Can you sue the IRS? Anyone can sue. The real consideration is which circumstances warrant such action. In many cases, the money and effort put into suing the IRS can end up being greater than the cost of paying the tax bill. If you feel strongly that the IRS has erred in its assessment or you disagree with the final results of an audit and the amount of taxes due plus interest and penalties is great enough, then filing suit against the IRS might be worthwhile.
Taxpayer Bill of Rights
Every US taxpayer has 10 fundamental rights when dealing with the IRS. These are spelled out in the Taxpayer Bill of Rights. Along with rights to quality service and paying no more than the correct amount of tax due is the right to appeal an IRS decision in an independent forum. This right gives taxpayers a “fair and impartial appeal” of most IRS decisions, and generally allows them to take their cases to court.
The IRS offers an independent appeals process. If you decide not to take this route or are unable to reach a settlement with the independent Appeals Office, then you may be able to take your case to court. The US Tax Court, US District Court, and the US Court of Federal Claims all hear tax cases. Each court has specific procedural and jurisdictional requirements when it comes to cases against the IRS.
US Tax Court Petitions
Taxpayers can take their case to US Tax Court if they disagree with the IRS and have received one of the following:
- Notice of deficiency – issued by the IRS when it either hasn’t received your tax return and calculated your tax on its own, or has proposed a change to the return you filed.
- Notice of determination – this is the final notice issued by an IRS auditor after an examination.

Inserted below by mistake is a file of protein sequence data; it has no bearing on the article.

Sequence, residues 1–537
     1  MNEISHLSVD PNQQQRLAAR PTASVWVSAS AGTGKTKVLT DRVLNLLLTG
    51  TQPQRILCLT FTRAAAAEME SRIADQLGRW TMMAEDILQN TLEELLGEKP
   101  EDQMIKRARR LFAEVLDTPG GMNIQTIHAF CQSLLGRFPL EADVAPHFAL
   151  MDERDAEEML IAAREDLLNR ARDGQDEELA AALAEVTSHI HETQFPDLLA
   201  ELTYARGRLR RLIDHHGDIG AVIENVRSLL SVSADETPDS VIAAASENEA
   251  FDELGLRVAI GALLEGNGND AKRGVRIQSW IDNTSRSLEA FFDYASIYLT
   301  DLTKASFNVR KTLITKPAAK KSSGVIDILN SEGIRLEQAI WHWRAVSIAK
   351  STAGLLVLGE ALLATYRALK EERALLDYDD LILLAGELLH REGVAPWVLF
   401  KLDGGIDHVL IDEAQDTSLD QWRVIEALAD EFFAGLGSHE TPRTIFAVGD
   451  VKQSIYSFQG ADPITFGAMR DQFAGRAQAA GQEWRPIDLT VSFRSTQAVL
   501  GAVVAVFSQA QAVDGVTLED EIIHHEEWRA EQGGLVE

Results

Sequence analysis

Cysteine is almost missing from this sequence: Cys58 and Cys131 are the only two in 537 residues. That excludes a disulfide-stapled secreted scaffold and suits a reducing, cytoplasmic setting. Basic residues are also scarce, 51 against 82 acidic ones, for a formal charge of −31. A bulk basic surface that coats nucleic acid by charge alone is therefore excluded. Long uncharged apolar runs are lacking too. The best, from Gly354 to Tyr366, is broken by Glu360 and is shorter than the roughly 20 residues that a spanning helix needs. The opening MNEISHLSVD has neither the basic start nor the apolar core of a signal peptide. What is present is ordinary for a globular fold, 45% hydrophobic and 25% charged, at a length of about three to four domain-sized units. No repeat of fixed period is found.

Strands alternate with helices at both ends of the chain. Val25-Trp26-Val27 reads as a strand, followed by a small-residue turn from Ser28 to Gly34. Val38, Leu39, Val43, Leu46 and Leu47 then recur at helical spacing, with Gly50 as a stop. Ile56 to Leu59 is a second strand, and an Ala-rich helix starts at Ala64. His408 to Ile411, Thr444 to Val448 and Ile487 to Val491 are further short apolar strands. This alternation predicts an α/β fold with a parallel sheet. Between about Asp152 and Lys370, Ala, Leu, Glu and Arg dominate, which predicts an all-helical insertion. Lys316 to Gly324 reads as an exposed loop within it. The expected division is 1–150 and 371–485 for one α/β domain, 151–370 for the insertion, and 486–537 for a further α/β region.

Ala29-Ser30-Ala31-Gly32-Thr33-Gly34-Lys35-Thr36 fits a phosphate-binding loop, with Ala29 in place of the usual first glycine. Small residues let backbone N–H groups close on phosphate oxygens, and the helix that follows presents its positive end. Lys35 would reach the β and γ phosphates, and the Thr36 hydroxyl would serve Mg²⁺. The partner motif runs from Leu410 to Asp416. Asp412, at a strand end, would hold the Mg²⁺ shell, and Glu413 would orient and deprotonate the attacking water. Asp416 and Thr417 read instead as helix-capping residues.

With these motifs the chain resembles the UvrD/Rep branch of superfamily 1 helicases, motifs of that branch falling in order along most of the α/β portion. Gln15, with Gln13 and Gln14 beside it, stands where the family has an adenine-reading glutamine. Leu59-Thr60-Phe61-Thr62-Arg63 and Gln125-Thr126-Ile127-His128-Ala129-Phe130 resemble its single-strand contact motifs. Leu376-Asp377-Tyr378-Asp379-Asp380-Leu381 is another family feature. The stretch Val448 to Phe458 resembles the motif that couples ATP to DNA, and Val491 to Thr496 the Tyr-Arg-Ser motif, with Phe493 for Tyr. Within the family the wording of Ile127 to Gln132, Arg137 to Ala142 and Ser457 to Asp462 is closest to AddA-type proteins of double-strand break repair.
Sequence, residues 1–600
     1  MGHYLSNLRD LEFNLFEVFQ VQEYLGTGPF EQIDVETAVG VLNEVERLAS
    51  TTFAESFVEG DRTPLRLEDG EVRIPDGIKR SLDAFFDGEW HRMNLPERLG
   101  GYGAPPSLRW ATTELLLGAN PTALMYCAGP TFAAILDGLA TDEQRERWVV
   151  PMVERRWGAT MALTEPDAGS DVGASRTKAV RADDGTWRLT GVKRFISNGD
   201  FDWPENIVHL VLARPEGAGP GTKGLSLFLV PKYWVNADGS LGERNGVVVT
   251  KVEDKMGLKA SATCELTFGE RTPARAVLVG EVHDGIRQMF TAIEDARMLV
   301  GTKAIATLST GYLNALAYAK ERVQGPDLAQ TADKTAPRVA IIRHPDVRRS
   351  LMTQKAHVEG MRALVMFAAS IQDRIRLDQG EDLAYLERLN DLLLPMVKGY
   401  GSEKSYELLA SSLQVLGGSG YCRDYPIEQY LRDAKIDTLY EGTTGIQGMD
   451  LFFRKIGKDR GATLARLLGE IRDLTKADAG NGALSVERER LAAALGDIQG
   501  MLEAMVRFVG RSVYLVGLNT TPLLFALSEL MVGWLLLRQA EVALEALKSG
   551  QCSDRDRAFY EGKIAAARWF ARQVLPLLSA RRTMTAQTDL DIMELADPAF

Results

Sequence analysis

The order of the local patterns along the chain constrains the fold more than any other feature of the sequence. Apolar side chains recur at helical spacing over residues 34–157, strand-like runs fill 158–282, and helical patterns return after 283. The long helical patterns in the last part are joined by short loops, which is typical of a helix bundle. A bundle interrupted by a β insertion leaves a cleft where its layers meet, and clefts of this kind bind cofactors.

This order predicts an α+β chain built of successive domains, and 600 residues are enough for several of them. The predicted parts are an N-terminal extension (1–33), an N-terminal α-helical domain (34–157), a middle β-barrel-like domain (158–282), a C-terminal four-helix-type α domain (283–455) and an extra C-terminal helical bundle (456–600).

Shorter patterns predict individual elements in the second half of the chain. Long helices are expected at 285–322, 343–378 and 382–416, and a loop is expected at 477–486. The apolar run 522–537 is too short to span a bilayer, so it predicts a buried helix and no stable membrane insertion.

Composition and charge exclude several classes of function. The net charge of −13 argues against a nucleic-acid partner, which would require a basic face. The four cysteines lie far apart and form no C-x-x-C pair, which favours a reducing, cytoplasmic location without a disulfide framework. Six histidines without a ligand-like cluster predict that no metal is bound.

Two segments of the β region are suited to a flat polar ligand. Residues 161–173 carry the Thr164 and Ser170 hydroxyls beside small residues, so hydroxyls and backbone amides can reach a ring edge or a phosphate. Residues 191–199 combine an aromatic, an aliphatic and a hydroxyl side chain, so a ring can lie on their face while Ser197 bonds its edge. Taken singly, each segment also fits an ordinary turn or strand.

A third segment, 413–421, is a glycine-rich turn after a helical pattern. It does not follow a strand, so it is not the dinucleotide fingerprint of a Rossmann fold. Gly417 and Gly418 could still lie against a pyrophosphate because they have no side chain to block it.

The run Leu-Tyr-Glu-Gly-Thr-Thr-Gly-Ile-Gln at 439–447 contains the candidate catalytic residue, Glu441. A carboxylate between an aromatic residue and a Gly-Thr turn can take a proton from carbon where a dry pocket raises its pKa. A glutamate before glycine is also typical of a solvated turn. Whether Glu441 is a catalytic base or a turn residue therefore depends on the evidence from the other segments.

- Notice of certification – the IRS issues this notice when taxpayers have a seriously delinquent tax debt.
Each of these notices informs taxpayers of their right to file a petition with the US Tax Court and specifies the timeframe, usually 90 days, within which one must be filed. When filing in US Tax Court, taxpayers generally do not have to first pay their tax bill.
In some circumstances, individuals requesting Innocent Spouse Relief may file a petition in US Tax Court. If the IRS has failed to respond to the initial request for spousal relief within six months of the filing date or has issued a final determination letter denying the request, the spouse seeking relief may file suit in US Tax Court.
Suing in Federal Court
You can file a case against the IRS in US District Court or Federal Claims Court, but usually only after you have fully paid your tax bill and also first filed a claim for a refund of the disputed amount with the IRS. If six months have passed from the date you filed the refund claim and you have not received written correspondence from the IRS, then you can move forward and file suit against the IRS for your refund.
If the IRS sends you a Notice of Disallowment of your refund claim, you also have the right to fight the disallowment by filing a suit in either of the two courts. There is a two-year statute of limitations from the date of the Notice of Disallowment for pursuing the IRS in either US District Court or Federal Claims Court.
Certain types of tax issues can only be heard in US District Court or Federal Claims Court. These include certain employment or manufacturer’s excise tax issues.
Fighting the IRS in court can get complicated and drawn out. It’s best to seek the advice of an experienced tax attorney, who can assess your case, help with filing the petition or lawsuit, and represent you in negotiations or settlements as well as trial if your case goes that far.
Have Questions? Call the Experienced Tax Attorneys at Wiggam & Geer
If you disagree with your Notice of Deficiency or Notice of Determination, or have filed for Innocent Spouse Relief and not heard from the IRS, the experienced attorneys at Wiggam & Geer can help. Our lawyers can evaluate your situation, recommend a course of action, and assist you in the process. Contact Metro Atlanta’s top tax attorney’s by clicking here or giving us a call at (404) 609-1300.